A revolution describes the destruction of the monarchy, much as in agriculture the prior season’s crop’s detritus must be plowed under to make way so that the new crop can be planted. They understood what they had accomplished as a revolution, using violence to push the wheel of history a bit faster. This conception of time enables an empirical connection to become a normative framework. If spring is when life begins anew then that is when it is best to plant and begin. As all living things age and die, so it will be political regimes and empires. All come to a natural end.

The revolving cycle of life is also apparent in the notion of fate, that is, that life has a natural order. Though often hidden from view, our fate controls our destinies.

Our lives, thus, express the natural order. To rebel against our fate is at best futile, and at worse risks destruction. It is best to “accept one’s fate.” If we would but accept the natural order has often become both a religious and secular admonition that remains influential even in the modern era. Hence, this conception of time is much infused with political significance. Those who defend the natural order of things are doing so because to do otherwise is to challenge nature, whether we conceive of nature as secular or as divinely infused. Those who would wish others ruled, or that other social and political practices be installed, are risking destruction. Time as cyclical, especially when married to the idea of fate and destiny, is inherently conservative, protective of the established social order, established political authority, and dominant traditions. In addition, with time as cyclical, the debate between advocates of democracy, such as Aristotle, and those who advocated aristocratic rule, such as Plato, is stable. Nothing new will alter that debate for human nature is fixed and our natures either suit us for democracy, as some have it, or for aristocracy, as others have it. With time expressed as recurring cycles there is no escape, we are destined by our nature to live within the constants of time’s passage.

Within the premodern perspective of time as cyclical, we have a use for political psychology, but it would have a very limited agenda: How do we find the individuals who have the talent to rule, and how do we train them to obtain the clarity and knowledge suited to challenges of ruling? A political psychology that works within the premodern conception of time will focus on the pattern of recurring cycles. How fast do regimes retain their vigor? What options are there for when a regime’s natural life saps and declines? Can a younger generation produce new leaders able to take power? And, is that natural transition helped or hindered by the array of traditions and institutions in place? Moreover, the power and aspirations of ruler would be tempered by the natural limits of cyclical time. Because life and death are natural, the most governments and politics can do is to ease the passage for many. It would be folly to challenge the natural limits of time. Youth can replace the old and infirm, but our natures are, apart from its passage through the stages of life, fixed. Our agenda would turn to such topics as political socialization and of course its partner, the study of personality. We would want, then as now, to focus on what produces virtue and what corrupts. A particular concern would be how to master passages as when those who rule become, as time’s passage ensures that they will, decadent and lethargic.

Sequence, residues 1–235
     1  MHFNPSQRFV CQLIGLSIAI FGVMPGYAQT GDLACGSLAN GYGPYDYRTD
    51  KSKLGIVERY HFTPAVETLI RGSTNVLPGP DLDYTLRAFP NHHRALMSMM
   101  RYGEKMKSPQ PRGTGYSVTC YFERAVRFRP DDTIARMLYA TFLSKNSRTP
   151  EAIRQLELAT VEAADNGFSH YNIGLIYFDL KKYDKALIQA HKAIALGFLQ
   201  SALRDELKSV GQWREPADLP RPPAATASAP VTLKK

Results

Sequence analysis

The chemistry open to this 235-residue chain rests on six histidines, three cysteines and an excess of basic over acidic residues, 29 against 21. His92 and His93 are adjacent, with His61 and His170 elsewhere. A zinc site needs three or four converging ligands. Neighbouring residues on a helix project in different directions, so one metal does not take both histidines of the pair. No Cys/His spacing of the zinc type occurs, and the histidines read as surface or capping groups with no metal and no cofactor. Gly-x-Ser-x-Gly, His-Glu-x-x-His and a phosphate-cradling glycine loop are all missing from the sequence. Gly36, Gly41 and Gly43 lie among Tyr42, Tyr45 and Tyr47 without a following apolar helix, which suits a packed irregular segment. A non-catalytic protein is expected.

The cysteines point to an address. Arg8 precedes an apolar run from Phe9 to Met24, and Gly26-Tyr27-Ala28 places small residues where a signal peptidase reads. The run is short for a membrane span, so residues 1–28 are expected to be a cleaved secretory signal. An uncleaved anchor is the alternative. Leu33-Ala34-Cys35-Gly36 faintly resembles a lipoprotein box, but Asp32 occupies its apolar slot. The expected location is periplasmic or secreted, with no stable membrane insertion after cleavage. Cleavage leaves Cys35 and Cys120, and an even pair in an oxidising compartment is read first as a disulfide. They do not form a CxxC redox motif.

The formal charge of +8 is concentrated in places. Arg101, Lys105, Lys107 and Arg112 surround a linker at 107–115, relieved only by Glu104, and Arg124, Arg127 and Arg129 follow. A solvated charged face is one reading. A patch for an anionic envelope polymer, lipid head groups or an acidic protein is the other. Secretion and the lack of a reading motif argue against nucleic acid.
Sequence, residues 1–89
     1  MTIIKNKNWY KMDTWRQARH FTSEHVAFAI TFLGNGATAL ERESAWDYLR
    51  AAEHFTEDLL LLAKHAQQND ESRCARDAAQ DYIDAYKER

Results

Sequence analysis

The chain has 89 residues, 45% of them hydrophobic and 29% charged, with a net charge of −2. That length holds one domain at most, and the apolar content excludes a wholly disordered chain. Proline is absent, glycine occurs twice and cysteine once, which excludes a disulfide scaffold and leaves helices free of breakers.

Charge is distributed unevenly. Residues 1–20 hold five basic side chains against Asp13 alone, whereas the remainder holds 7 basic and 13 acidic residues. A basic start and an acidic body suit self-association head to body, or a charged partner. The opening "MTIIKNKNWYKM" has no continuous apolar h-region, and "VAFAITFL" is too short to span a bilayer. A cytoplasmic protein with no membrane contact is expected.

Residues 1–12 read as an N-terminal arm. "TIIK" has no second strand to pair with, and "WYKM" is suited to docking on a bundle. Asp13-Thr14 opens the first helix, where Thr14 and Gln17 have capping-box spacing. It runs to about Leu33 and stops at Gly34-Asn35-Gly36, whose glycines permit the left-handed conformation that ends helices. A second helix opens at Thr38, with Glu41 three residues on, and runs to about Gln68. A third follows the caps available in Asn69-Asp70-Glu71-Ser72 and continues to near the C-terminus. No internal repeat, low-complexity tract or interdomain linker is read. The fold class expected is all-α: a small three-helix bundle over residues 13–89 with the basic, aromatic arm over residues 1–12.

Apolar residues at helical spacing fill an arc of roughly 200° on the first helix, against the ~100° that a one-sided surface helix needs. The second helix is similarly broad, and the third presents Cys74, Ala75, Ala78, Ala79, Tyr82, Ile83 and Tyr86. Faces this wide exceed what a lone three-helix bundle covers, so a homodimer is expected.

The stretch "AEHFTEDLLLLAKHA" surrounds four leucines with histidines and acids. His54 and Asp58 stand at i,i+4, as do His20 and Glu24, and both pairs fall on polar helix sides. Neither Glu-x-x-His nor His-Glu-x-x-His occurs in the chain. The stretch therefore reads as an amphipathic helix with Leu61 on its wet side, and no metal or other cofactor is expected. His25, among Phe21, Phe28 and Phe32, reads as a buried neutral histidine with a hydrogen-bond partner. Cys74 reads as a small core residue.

If natural and human affairs are repetitive, then knowledge has a particular focus. Those who know are those who have been in a position to observe the recurring patterns of life. Close observation, apart from the mysteries of luck, gives clarity as to the future; if human affairs are cyclical in their evolution then knowledge of cycles, whether astronomical, natural events on earth, or human, should be the basis of authority. We can observe that in many communities newer residents are expected to be quiet and rely on the local wisdom of the longtime residents. Elders, who have the wisdom gained by long life and long observation, are best able to guide the young. Traditions should be respected as they have proven their worth through the repetitive patterns of many seasons. Here an epistemology has a clear impact on politics and more precisely the issue of who should rule. Those who can best read the past and present are better able to guide the city or nation. A theory of time becomes a normative theory of rulership.

Time as recurring cycles, resplendent with analogies drawn from nature, the seasons, and so on, leads to a political psychology bound within the restraints of time so conceived. Free those restrictions, and a new and different conception, and new possibilities become evident. And, with the enlightenment, came a new conception of time. Rather than time as a wheel that rotates from beginning to recurring end and return again in endless repetition, the enlightenment thinkers reconceived time as an engine that, as a train on tracks, drives along a line from past to future. Time as progress replaced time as cyclical repetition.